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ZFIN ID: ZDB-PUB-050201-1
Fictive Swimming Motor Patterns in Wildtype and Mutant Larval Zebrafish
Masino, M.A., and Fetcho, J.R.
Date: 2005
Source: Journal of neurophysiology 93(6): 3177-3188 (Journal)
Registered Authors: Fetcho, Joseph R.
Keywords: Spinal Cord, Central Pattern Generator, Rhythmic Motor Behavior, Reciprocal Inhibition, Mutant line
MeSH Terms:
  • Action Potentials/physiology*
  • Action Potentials/radiation effects
  • Animals
  • Diagnostic Imaging
  • Functional Laterality/physiology
  • Larva/genetics
  • Motor Neurons/classification
  • Motor Neurons/physiology*
  • Motor Neurons/radiation effects
  • Mutation*
  • Neural Inhibition/genetics
  • Neural Inhibition/physiology
  • Periodicity*
  • Peripheral Nerves/cytology
  • Peripheral Nerves/physiology
  • Peripheral Nerves/radiation effects
  • Photic Stimulation/methods
  • Swimming/physiology*
  • Zebrafish
  • Zebrafish Proteins/genetics
  • Zebrafish Proteins/physiology*
PubMed: 15673549 Full text @ J. Neurophysiol.
ABSTRACT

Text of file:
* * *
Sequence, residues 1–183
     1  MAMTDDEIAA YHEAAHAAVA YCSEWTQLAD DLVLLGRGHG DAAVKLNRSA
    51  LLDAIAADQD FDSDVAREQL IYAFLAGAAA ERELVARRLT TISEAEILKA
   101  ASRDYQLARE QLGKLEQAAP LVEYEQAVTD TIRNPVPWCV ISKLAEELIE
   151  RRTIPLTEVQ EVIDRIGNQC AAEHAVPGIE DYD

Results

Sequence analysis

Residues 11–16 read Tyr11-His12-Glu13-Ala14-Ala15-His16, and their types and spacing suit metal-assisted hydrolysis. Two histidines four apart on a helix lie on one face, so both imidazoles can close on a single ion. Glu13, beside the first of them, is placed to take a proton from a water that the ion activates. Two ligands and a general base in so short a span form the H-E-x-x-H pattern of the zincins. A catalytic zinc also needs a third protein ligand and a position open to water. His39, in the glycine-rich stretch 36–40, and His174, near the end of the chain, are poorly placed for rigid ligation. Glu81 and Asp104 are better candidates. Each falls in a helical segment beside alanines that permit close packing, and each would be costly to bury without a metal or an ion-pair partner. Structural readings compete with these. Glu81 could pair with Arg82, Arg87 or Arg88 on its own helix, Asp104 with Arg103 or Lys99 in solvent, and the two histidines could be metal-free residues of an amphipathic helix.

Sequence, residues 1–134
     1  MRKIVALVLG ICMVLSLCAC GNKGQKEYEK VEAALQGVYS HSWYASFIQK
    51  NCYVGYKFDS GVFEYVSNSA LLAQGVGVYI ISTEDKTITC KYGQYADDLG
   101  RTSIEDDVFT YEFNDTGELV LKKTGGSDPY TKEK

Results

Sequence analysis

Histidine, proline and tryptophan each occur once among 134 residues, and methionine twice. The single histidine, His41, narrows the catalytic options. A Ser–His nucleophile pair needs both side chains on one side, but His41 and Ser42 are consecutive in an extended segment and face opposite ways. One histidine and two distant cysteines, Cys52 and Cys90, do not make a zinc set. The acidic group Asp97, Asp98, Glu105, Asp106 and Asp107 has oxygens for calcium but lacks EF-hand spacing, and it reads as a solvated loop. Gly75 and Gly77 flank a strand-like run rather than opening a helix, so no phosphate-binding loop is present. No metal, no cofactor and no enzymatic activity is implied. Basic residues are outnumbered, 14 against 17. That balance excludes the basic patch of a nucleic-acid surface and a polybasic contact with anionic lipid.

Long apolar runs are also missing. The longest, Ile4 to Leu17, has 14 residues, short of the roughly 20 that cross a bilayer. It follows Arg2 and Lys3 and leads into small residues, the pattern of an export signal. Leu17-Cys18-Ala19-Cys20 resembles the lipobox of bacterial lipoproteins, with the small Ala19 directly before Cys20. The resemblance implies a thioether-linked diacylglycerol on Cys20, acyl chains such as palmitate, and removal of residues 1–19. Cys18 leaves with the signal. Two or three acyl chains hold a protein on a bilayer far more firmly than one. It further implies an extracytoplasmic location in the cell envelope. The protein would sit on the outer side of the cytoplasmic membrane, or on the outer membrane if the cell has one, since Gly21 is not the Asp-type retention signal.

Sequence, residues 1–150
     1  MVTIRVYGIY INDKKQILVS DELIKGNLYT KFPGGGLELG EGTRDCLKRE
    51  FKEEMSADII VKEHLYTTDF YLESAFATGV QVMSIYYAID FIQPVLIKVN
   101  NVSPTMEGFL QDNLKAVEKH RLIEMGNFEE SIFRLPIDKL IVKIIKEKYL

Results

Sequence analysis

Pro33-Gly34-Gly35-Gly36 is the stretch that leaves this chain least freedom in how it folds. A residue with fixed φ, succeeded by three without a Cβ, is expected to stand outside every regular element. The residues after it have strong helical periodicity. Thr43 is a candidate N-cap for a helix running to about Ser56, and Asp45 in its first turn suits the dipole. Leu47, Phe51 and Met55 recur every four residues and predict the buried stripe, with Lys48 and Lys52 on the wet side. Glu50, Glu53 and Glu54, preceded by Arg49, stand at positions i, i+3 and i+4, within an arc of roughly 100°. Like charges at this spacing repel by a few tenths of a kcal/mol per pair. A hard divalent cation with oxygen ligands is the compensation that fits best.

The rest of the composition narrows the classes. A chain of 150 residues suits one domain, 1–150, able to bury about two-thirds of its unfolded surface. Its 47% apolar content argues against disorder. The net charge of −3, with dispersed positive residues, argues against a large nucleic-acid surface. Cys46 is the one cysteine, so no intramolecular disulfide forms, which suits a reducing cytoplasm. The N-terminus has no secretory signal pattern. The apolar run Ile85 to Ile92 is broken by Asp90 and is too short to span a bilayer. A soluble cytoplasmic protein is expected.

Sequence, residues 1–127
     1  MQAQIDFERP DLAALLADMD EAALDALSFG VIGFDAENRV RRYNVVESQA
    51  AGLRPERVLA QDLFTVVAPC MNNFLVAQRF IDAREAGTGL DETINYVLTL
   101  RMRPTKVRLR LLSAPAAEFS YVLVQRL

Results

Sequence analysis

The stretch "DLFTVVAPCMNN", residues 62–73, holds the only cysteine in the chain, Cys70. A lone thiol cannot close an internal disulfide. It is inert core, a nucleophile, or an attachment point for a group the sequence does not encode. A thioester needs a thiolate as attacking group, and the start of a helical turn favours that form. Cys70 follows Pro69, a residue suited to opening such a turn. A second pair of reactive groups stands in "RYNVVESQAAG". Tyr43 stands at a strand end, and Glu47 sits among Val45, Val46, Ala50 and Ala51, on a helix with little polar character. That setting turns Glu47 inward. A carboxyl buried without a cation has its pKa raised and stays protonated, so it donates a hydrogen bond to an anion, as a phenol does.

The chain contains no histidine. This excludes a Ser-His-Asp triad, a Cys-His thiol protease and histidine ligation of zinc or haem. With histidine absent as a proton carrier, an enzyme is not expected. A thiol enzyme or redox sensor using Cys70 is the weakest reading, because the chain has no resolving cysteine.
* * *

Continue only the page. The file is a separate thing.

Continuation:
Larval zebrafish provide a unique model for investigating the mechanisms involved in generating rhythmic patterns of behavior, such as swimming, due to the array of techniques available including genetics, optical imaging, and conventional electrophysiology. Because electrophysiological and imaging studies of rhythmic motor behaviors in paralyzed preparations depend on the ability to monitor the central motor pattern, we developed a fictive preparation in which the activity of axial motor neurons was monitored using extracellular recordings from peripheral nerves. We examined spontaneous and light induced fictive motor patterns in wildtype and mutant larval zebrafish (4-6 days post-fertilization) paralyzed with curare. All spontaneous and light induced preparations produced alternation of motor activity from side-to-side (mean contralateral phase = 50.7 +/- 7.0%; mean burst frequency = 35.6 +/- 4.7 Hz) and a progression of activity from head-to-tail (mean ipsilateral rostrocaudal delay = 0.8 +/- 0.5 msec per segment), consistent with lateral undulation and forward propulsion during swimming, respectively. The basic properties of the motor pattern were similar in spontaneous and light induced swimming. This fictive preparation can be used in combination with conventional electrophysiological and imaging methods to investigate normal circuit function as well as to elucidate functional deficits in mutant lines. Toward this end, we show that two accordion class mutants, accordion (acc) and bandoneon (beo), have alternating activity on opposite sides of the body, contradicting the hypothesis that their deficit results from the absence of the reciprocal glycinergic inhibition that is typically found in the spinal cord of swimming vertebrates.
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